Mitsubishi Lancer Estate (1999 - 2001) review



Why did Mitsubishi sell the Lancer Estate in the UK between 1999 and 2001? This question, perhaps more than any concerning value for money or whether the car was in fact any good, seemed the overriding concern when considering the Lancer Estate 1.6 GLX. Available with a manual gearbox only, in a range of three colours and at a budget price, it seemed something of an anomaly in Mitsubishi's glossily high-tech product range. As a used model, does it make any more or less sense than it did when new? Find out here.


Models Covered: (5dr estate 1.6 petrol [GLX])


To understand the logic of the Lancer Estate, one must first become immersed in the murky world of Mitsubishi's strategic alliances. Lancer saloons and hatchbacks are available in the UK, it's just that they are badged as Proton Personas and Wiras. Mitsubishi's links with the Malaysian firm go back quite some way, and it was only when Proton didn't feel the Wira Estate was right for the UK market that Mitsubishi was faced with a quandary. As UK buyers lobbied for cheaper cars, Mitsubishi had a limited supply of Lancer Estates that were approaching the end of their product run. Unwanted by Proton, and with no Mitsubishi Carisma estate model for sale in Britain, the decision was taken to import the cars, offering them for the knockdown price of £10,995. Whilst this might have smacked of boot sale opportunism, it nevertheless brought a surprisingly capable car into the market at an almost laughably cheap price. With 1500 cars imported, the last few left UK dealers forecourts in spring 2001, leaving Mitsubishi with a hole in their range that hasn't been subsequently filled.

What You Get

Outlining the choices available to the prospective Lancer Estate didn't take much longer than asking "Silver, Black or Blue?" With only a CD player and satellite navigation system on the options list, no automatic gearbox and only one engine and trim level available, the Mitsubishi Lancer 1.6 GLX estate was a singularly straightforward proposition: easier than ordering a cheese roll at your local deli. Powered by a 111bhp 16-valve four-cylinder engine, the Lancer is a fairly willing companion. What's perhaps of more relevance are the practical aspects. Capable of seating five passengers, the Lancer has a 50/50 split rear bench to ensure that three passengers will be comfortable when one side's folded down. Sticks up to the length of 790mm can be carried with the rear seats in place, but for those in the market for a car capable of transporting a far longer 1500mm stick, fold the rear seat down and the Lancer is just the ticket. In terms of capacity, that's a healthy 470 litres with the seats in place and an Olympian 740 litres in a two-seat configuration. The interior styling won't come as a massive shock to anybody who's ever set foot in a Proton dealership. It's inoffensive, with a reasonable level of quality to fit and finish, but hardly inspiring. The sheer amount of standard fit equipment is something of an eye opener considering the bargain basement pricing, and includes driver's airbag, tinted glass, air conditioning, electric windows, central locking and immobiliser, a tilt-adjustable steering column rear seat heater ducts and the obligatory front cup holders. Buyers opting for the Satellite Silver, Palma Red or Nares Blue metallic paint schemes got an interior trim colour scheme of either grey, grey or grey respectively. It's not a grey you could dress up as 'graphite' or 'carbon' either, more of a pale 'Tirpitz' or, at a pinch, 'Elephant'. At least Mitsubishi didn't try to call it a Carisma.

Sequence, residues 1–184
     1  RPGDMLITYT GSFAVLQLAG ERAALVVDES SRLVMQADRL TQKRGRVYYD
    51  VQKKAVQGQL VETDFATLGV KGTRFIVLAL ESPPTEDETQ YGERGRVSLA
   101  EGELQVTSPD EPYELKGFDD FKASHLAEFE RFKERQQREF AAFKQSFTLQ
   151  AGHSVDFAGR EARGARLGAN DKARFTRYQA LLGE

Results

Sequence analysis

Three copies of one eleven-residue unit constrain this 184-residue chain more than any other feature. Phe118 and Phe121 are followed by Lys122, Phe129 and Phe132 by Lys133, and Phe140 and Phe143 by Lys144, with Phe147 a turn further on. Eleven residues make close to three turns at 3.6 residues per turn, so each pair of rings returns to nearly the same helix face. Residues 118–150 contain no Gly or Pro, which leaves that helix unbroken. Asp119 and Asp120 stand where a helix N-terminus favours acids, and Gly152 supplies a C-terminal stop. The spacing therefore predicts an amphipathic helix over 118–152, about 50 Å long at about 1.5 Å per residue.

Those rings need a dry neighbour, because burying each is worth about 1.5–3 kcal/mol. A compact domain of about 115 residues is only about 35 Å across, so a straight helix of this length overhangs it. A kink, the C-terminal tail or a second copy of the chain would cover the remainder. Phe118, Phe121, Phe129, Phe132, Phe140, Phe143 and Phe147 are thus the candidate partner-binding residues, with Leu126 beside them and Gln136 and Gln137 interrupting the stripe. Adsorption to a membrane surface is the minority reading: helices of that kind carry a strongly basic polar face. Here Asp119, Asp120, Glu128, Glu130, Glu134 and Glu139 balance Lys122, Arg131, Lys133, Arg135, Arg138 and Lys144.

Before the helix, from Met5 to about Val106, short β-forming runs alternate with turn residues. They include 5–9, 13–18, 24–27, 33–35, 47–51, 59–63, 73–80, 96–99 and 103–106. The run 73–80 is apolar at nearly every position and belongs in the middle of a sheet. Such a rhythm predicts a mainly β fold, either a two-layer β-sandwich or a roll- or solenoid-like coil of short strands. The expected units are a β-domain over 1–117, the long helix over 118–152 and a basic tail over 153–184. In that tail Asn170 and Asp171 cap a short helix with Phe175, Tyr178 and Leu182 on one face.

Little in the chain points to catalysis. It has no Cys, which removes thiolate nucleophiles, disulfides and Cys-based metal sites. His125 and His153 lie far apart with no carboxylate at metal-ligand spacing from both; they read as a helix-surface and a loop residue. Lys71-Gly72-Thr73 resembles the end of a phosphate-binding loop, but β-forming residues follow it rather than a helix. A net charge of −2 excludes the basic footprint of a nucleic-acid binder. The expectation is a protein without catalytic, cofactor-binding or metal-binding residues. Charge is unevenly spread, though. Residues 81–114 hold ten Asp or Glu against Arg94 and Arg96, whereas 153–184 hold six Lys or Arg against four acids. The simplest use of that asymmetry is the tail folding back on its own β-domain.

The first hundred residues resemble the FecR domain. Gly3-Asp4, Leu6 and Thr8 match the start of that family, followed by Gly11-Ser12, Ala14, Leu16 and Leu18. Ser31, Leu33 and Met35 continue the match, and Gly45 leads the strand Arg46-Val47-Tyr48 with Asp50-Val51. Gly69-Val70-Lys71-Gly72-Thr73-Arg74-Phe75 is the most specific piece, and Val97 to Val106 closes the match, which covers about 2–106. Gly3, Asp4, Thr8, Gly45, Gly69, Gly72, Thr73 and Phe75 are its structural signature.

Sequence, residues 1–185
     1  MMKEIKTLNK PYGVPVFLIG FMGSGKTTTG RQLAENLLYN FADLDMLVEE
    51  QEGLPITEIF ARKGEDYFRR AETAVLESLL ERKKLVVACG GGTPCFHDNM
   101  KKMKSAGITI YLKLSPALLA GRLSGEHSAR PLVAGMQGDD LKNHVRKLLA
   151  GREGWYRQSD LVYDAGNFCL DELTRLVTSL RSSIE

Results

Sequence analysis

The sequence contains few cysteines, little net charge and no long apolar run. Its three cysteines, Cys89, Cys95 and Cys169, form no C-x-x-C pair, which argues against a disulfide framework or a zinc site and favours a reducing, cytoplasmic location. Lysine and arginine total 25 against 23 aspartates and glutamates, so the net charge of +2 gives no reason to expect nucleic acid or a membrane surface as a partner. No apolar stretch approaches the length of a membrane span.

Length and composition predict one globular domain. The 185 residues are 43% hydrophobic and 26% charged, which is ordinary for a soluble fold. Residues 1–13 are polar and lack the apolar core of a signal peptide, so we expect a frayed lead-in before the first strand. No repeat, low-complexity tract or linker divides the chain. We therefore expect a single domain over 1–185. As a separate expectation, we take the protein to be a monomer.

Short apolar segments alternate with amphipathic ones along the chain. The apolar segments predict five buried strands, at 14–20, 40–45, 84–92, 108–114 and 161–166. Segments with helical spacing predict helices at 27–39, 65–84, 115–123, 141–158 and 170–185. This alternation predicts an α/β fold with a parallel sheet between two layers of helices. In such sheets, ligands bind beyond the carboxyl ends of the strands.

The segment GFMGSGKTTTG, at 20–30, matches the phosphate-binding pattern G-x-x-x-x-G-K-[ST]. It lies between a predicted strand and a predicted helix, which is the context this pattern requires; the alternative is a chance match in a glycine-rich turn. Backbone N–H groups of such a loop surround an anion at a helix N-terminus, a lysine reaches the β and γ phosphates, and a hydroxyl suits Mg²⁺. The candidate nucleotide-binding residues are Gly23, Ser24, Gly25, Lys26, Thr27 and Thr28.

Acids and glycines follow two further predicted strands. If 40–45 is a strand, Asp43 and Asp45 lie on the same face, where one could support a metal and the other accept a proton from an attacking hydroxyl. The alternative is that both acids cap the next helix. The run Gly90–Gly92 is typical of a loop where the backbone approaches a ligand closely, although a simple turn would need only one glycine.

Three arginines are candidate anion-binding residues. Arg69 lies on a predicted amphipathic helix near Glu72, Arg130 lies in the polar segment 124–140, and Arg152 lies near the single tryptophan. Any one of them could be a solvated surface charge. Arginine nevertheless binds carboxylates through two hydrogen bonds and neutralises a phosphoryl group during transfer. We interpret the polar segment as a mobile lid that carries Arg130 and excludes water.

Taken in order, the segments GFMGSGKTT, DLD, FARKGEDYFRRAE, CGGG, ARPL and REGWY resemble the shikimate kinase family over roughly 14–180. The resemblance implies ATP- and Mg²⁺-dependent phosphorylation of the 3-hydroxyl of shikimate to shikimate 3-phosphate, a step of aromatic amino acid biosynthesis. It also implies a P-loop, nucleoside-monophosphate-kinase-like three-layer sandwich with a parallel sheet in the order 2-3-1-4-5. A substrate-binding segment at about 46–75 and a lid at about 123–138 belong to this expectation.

What You Pay

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What to Look For

This is a bit of a difficult one, as there's not too much to worry about, which is excellent news for you. So, provided you're buying a car with full service history, you shouldn't be in for any nasty shocks but check that the electric windows, locks and door mirrors all work and that the air conditioner produces chilled air - fixing such items can be pricey.

Replacement Parts

(approx based on a 2000 Lancer Estate) A clutch assembly is around £185 and an exhaust system about £430. Allow £35 or so for front brake pads, whilst an alternator is about £200 and a starter motor around £370. Ouch. A replacement headlamp is a similarly punitive £350 and a catalytic converter retails at around £300.

On the Road

Here's a shock. The Lancer Estate is actually quite good fun to drive. Whilst it's no Evo VI, it nevertheless has that same feeling of handling on its tiptoes and utilising every last available horsepower to propel itself up the road. A rest to 60mph time of ten seconds flat underlines this, although the 1.6-litre engine feels very breathy above 85mph. Not breathy like Marilyn Monroe singing to JFK, more like something from a schools anti-smoking educational video. Expect a combined fuel consumption of around 35mpg if driven sensibly, although the sweet gearchange and willing engine encourage pedal to the metal progress. In Malaysia, a popular project is to fit the engine from the Mitsubishi Lancer Evo III into this body. Apparently it slots straight in and makes for a wicked Q-car. Suddenly a Subaru Impreza WRX estate looks decidedly pricey!


The Lancer Estate certainly won't stand out from the crowd on looks, but when it comes to offering top-notch value for money and providing thoroughly capable and reliable family transport, it's one of the best. It's at the blunt end of the cutting edge, but more than makes up for this in terms of metal for your money. Appealing to the same clientele as bargain Korean cars but with the additional bonus of Mitsubishi's comprehensive warranty package, a low-mileage Lancer Estate makes a surprising amount of sense as a used proposition. Pitched at the right end of the 'estate of the ark/art' continuum, the Lancer earns an unexpected thumbs-up.